First off I want to say that I acknowledge the lovely articles written which one has the title of Special Needs Parents, You Are Not Invisible. That is lovely an all and it sure will help make a special needs parent feel good. And it is apparent that the author did what they could to acknowledge that parents of children with disabilities have feelings, limited strength, and the same rights as anyone else (and really bravo for that, it means so much to see these articles written), but sadly, it is not the reality. Not based on my experience anyway, and I know others who are currently in the shoes that I was in will concur.
I was sleep-deprived, feeling chilled, and running on empty calories that don’t get you far but the fact that my son may have been too cold or too warm was the worst thing for him to experience. The therapist at the school that he attended was concerned that the clothing he had was not meant for the right type of weather and the ‘poor thing’ was suffering as a result. And one even asked me in an accusatory way How would you like it if the only clothing you had accessible to you was too heavy for a hot day or too light for a cold day? Well, I feel either one all of the time because I am on my way to the land of Burn Out.
Additionally, if I ever expressed how tired I was and unwell I felt, no one cared. All that mattered was that my son was comfortable and happy. But don’t they also know that he would be a lot more comfortable and happy if the mother was comfortable and happy? That was never going to happen until I had even a fraction of my needs met which rarely happened. It would have helped as well if anyone showed concerned for the struggling mother.
How about when I have not been able to sleep because my son took my secured bottle of sleep medication (and gee why did I need it at a young age?) and placed it somewhere unknown? I did not even have any bit of sleep that night, literally none at all. But I still had to deal with his meltdowns, run errands while he was in therapy, and keep the house clean. And my poor daughter was not getting the best of me putting it lightly. But I had to put my big girl panties and deal with it because that is what a mother is expected to do, even more so a special needs mother.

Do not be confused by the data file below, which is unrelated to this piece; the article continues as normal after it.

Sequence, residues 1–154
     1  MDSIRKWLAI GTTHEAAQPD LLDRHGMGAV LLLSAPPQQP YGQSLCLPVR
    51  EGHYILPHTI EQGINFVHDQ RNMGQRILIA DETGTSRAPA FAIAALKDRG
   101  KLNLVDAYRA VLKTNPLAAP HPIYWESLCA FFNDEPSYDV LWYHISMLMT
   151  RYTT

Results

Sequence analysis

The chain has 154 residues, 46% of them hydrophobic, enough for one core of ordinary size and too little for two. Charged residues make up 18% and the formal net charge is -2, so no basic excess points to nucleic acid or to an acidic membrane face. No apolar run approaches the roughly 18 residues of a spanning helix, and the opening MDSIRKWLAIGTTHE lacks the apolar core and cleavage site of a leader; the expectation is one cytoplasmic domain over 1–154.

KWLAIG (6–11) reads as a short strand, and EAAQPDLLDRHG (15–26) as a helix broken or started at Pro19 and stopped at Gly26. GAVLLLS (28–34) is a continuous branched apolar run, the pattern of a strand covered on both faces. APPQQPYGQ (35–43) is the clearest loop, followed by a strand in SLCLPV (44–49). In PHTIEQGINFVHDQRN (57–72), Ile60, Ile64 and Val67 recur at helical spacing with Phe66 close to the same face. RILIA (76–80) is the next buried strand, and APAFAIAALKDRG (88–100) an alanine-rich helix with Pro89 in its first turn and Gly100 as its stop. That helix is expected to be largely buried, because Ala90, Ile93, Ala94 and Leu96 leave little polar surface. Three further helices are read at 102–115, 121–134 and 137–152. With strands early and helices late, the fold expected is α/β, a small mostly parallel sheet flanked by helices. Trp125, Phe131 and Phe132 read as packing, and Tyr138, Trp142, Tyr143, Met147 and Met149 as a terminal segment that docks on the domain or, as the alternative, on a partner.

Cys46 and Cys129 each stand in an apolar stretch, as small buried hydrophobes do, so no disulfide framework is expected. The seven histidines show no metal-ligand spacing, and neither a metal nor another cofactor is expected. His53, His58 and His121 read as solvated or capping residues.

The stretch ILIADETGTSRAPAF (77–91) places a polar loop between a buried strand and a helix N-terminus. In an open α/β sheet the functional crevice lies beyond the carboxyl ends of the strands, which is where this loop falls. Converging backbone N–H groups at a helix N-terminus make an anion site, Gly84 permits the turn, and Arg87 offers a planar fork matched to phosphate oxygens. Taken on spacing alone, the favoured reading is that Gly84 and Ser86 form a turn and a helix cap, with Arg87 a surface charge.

And you want to know what was also infuriating? My husband who was working 8 hours a day received a lot more sympathy because he worked all day and was tired so he deserved to rest. Therefore, I had no business expecting him to take on the load since all I did during the day was nothing especially since my son was in therapy for many hours a day at school.
I was told to clean up my act often, and to take better care of my appearance, to lose weight, and to stop being so whiny and do the job I was expected to do. Because special needs parents are expected to be warriors and to put their needs last. This is the harsh reality. Special needs moms (and single dads) are invisible. Until one day, someone did something incredible. Something that was a miracle. It was like pigs flying. I was asked how I was. Not the small talk type of ‘how are you’, but it was a sincere how are you I was asked.
That was music to my ears. That was foreign to me. You mean my well-being actually mattered to someone? They didn’t ask about my son and did not ask how he was. They didn’t ask about anyone else. They asked how I was doing. I told them the truth. I did not sugar coat. I said I was terrible and stressed. She cared. This woman who asked me and who cared was the one who organized respite care and in the end, helped me transition my son to the place where he is today. Even though no one else saw me, she sure did! I will always be grateful.